Apparently, peaches are NOT like apples and trees grown from seed will resemble the parent plant’s fruit. I am just about to endeavour on a peach tree propagation adventure, with the help of a Mother Earth News article.
    (Google search Mother Earth News peach tree and it should come up)
    I’m soaking the seeds as we speak and they will find a place in my root cellar for a few months.

  8. -

    @G Reesor: Good luck with your project! Pictures are welcome 😉
    It reminds me: I think I still have a few peach seeds stored in the bottom drawer of our refrigerator… Better go have a look.

  9. -

    The difference between apple and peach seedlings is that apples must cross pollinate to produce fruit while peaches tend to be self fertile; so peach seedlings tend to be more uniform, especially if there have been a number of uniform seedling generations.

  10. -

    @Dale: I guess peaches are just like tomatoes, which are also self-pollinating.
    I’m still looking for peach seeds – I just checked my refrigerator, and the seeds I had saved in there have dried out completely 🙁

  11. -

    Hi everyone,
    I have plenty of viable northern native heirloom peach tree seeds available through The Seed Savers Exchange (with pictures of ripe fruit on the tree) just search “peach” &/or “misc. fruit” in the 2013 SSE member yearbook ~ and also here:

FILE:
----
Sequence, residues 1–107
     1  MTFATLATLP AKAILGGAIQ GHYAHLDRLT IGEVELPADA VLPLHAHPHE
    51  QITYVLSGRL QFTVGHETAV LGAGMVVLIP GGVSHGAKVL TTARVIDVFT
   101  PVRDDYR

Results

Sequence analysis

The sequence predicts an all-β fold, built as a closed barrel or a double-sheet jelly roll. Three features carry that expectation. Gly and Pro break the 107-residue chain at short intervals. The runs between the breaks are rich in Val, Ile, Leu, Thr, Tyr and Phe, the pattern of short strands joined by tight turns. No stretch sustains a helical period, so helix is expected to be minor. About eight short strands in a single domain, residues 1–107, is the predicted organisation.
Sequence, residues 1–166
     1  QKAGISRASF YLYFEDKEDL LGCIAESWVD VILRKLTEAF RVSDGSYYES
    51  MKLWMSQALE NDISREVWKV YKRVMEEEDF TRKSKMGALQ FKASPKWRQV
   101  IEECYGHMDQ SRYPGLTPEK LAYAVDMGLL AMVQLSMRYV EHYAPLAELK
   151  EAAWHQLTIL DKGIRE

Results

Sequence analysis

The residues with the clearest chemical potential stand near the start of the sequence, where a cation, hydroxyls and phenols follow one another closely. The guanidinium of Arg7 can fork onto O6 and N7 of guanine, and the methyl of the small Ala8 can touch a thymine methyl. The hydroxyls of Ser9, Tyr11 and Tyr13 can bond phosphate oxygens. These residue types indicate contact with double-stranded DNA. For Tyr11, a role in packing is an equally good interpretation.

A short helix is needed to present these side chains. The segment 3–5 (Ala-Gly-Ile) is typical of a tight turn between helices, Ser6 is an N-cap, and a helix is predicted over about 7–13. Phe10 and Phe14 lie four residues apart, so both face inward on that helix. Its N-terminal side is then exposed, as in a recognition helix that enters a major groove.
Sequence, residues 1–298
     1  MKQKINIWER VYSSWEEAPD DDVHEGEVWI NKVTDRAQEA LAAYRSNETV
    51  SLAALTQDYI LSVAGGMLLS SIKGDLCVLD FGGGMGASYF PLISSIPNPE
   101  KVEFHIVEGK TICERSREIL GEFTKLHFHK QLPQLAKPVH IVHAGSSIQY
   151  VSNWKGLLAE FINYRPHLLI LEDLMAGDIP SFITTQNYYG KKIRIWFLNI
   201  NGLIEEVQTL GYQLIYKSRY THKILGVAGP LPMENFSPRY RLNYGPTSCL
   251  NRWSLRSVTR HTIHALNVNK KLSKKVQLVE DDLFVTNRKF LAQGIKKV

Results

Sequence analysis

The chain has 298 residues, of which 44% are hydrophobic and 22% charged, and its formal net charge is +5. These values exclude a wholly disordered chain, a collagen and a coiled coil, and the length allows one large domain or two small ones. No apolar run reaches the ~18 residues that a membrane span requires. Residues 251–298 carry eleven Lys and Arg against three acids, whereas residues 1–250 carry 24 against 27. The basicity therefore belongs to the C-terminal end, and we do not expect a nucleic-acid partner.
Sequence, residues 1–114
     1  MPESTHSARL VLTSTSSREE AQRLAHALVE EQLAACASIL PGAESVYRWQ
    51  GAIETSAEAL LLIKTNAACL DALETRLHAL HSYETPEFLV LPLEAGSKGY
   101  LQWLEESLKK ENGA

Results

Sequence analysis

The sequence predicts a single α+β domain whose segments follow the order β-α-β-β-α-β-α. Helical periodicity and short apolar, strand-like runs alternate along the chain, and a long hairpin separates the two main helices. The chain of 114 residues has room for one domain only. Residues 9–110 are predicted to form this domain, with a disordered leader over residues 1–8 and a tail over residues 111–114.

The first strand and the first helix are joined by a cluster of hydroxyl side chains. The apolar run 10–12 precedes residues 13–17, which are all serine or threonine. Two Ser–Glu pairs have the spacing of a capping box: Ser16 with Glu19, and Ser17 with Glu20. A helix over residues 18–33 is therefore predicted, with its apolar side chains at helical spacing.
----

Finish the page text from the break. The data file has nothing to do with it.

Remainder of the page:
http://www.localharvest.org/iowaindian-white-freestone-heirloom-peach-C242 . There’s a picture of some of my second & third generation trees in bloom here:
    http://www.localharvest.org/catnip-farm-M87 .
    All the best in your quest!
    Ericka in Iowa

  12. -

    @Ericka at Catnip Farm: Nice pictures! 🙂 Would you be able to send seeds to Europe where I am? Maybe I could use an IRC for that purpose (International Reply Coupon ~ SASE)…
    I’m in hardiness zone 7a.

  13. -

    I just received my order for peach seeds from Catnip farms last week and just completed step one of forced germanation. There is a much higher chances of stone fruit keeping the traits of their mother. Though that is not always the case. Expecially in hybrids.

    in regards to apples almost none of them grow true from seed. I have read that the famuse will if not crossed with a different variety. But it is an incredibly old variety and is beleived to have been created by peasants who breed from seed. There were also one mentioned from russia that was also bred from seed so is genetically stable. Then you get into native american varieties. In 1850 all the apple trees of any quality in southern US was native american bred trees. There are genetically stable varieties out there but they are fast becoming extinct thatnks to grafting.

  14. -

    @Velviej: Thanks for the info. Good luck with your seeds – you’re welcome to send in pictures via email with your results, then I can show them in a blog post.

  15. -

    I have hairloom peach trees. They are white flesh, sweet, free stone and slip skin. Although they are small and not as juicy as the new hybrids, I’m very happy with them. The hybrids are great but these are so hardy and easy to grow I wouldn’t trade.They grow very easily from seed and reproduce true to the mother tree. They do require a lot of pruning but they’re worth it.

    • -

      Sounds delicious!
      How long does it take from planting a seed until you can pick fruit from a new tree?